Capitalism is an economic system based on the private ownership of the means of production and their operation for profit.    Central characteristics of capitalism include  capital accumulation, competitive markets, price system, private property, property rights recognition, voluntary exchange, and wage labor.  In a  market economy, decision-making and investments are determined by owners of wealth, property, or ability to maneuver capital or production ability in capital and financial markets—whereas prices and the distribution of goods and services are mainly determined by competition in goods and services markets. 
Economists, historians, political economists and sociologists have adopted different perspectives in their analyses of capitalism and have recognized various forms of it in practice. These include or laissez-faire free-market capitalism, anarcho-capitalism, state capitalism and welfare capitalism. Different forms of capitalism feature varying degrees of free markets, public ownership, obstacles to free competition and state-sanctioned  social policies. The degree of competition in markets and the role of intervention and regulation as well as the scope of state ownership vary across different models of capitalism.  The extent to which different markets are free and the rules defining private property are matters of politics and policy. Most of the existing capitalist economies are  mixed economies that combine elements of free markets with state intervention and in some cases economic planning.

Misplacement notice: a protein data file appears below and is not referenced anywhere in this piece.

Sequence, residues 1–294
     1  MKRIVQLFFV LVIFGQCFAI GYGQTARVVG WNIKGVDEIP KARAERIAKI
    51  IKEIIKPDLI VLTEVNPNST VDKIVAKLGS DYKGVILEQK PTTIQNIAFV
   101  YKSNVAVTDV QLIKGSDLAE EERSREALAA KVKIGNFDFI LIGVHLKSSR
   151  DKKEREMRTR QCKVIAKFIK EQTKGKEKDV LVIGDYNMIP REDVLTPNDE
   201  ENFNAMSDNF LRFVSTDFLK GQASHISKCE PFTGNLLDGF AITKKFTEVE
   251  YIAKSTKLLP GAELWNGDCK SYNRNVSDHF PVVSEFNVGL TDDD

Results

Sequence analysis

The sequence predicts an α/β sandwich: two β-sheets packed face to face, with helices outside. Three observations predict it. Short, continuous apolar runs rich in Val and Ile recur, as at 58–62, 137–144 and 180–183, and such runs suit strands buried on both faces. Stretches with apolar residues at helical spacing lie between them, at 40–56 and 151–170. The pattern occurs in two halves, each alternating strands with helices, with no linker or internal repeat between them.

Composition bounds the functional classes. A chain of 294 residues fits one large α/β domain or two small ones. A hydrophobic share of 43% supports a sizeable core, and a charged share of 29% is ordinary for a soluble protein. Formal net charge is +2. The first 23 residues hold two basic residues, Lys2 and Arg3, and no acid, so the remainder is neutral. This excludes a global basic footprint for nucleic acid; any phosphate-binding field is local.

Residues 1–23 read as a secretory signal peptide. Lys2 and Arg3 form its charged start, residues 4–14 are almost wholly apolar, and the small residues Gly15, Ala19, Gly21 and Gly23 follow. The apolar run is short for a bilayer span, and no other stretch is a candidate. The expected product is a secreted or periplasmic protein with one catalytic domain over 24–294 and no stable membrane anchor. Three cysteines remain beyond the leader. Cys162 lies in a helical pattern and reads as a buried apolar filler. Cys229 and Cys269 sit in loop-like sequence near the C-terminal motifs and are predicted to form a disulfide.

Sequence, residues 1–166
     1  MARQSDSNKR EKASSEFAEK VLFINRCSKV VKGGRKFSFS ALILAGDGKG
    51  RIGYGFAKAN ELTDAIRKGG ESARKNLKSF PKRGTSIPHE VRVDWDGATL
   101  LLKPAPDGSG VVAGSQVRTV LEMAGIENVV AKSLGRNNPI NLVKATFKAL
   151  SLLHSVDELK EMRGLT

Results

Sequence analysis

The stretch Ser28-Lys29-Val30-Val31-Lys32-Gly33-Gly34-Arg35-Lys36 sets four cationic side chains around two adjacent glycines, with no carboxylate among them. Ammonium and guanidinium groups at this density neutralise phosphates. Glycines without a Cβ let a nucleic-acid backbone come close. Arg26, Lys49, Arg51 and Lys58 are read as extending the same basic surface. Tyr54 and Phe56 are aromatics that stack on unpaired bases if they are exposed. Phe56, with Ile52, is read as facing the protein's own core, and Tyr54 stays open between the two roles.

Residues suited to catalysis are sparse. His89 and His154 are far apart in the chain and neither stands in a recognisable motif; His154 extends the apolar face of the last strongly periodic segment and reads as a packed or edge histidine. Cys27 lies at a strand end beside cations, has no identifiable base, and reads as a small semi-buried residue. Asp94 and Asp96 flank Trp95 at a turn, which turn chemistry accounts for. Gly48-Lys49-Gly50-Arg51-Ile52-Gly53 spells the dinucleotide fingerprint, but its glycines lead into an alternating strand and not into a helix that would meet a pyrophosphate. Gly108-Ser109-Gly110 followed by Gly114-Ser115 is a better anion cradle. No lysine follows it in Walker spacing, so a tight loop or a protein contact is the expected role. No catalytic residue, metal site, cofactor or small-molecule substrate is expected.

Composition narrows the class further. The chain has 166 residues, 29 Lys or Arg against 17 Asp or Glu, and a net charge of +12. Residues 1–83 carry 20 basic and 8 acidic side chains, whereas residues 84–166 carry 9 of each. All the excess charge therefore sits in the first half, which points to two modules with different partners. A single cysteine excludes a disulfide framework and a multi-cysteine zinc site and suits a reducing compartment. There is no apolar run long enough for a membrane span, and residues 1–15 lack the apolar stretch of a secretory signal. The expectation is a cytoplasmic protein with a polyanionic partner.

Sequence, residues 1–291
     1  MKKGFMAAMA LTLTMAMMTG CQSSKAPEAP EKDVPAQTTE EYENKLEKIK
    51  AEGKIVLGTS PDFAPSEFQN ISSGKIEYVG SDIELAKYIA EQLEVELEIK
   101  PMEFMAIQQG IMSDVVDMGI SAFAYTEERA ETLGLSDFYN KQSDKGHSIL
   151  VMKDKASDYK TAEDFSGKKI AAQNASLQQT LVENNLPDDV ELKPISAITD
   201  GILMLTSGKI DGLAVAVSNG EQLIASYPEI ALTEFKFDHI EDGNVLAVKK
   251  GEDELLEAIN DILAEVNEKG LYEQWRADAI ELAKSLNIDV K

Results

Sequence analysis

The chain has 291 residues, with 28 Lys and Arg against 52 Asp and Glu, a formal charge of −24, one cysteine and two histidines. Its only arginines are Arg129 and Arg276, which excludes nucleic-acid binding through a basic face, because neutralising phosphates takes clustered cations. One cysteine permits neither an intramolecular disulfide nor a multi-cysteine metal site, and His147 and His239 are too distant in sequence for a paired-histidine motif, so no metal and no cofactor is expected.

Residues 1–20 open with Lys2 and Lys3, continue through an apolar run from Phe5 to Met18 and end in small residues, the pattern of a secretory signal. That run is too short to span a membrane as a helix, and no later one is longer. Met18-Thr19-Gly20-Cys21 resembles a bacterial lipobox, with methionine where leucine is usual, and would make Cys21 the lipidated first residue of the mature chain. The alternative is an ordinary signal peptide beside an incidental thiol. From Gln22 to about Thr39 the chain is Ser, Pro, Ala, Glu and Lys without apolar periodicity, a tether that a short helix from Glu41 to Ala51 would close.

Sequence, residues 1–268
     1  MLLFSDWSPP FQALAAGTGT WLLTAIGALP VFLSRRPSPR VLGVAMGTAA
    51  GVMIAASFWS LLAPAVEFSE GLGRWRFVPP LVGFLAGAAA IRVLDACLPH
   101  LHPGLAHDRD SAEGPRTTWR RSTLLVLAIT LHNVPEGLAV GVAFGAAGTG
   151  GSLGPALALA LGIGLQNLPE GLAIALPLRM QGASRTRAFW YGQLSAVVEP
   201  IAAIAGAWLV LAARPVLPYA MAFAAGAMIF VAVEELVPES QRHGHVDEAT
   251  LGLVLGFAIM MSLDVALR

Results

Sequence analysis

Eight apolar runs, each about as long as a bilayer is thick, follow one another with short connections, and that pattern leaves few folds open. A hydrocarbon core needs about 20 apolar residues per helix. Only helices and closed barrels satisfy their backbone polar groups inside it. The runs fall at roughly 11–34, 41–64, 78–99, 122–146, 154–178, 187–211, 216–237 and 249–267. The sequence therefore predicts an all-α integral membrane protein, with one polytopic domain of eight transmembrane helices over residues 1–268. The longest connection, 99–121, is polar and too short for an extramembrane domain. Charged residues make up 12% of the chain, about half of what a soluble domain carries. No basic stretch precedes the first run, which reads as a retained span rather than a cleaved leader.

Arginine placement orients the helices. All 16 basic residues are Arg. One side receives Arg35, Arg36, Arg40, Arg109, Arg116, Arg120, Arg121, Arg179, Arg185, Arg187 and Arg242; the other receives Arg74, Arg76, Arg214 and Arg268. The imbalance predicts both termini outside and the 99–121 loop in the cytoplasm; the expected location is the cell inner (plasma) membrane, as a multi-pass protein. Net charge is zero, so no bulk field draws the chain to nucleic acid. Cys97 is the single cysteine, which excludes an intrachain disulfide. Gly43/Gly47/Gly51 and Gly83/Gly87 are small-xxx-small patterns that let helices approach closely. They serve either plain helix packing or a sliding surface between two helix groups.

Market economies have existed under many
forms of government and in many different times, places and cultures. Modern capitalist societies developed in Western Europe in a process that led to the Industrial Revolution. Capitalist systems with varying degrees of direct government intervention have since become dominant in the Western world and continue to spread. Economic growth is a characteristic tendency of capitalist economies.